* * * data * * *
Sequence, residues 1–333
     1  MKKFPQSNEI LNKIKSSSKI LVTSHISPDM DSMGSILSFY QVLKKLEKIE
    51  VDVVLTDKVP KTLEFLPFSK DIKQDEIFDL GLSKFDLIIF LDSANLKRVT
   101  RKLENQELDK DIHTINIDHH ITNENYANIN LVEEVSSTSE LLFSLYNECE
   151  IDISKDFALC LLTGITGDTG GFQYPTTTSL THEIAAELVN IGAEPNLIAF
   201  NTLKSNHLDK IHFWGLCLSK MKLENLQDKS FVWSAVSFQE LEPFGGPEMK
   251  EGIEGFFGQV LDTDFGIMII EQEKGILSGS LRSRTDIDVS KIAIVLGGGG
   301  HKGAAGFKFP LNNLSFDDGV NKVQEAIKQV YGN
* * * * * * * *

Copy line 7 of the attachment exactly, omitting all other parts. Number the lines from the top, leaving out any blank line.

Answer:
   251  EGIEGFFGQV LDTDFGIMII EQEKGILSGS LRSRTDIDVS KIAIVLGGGG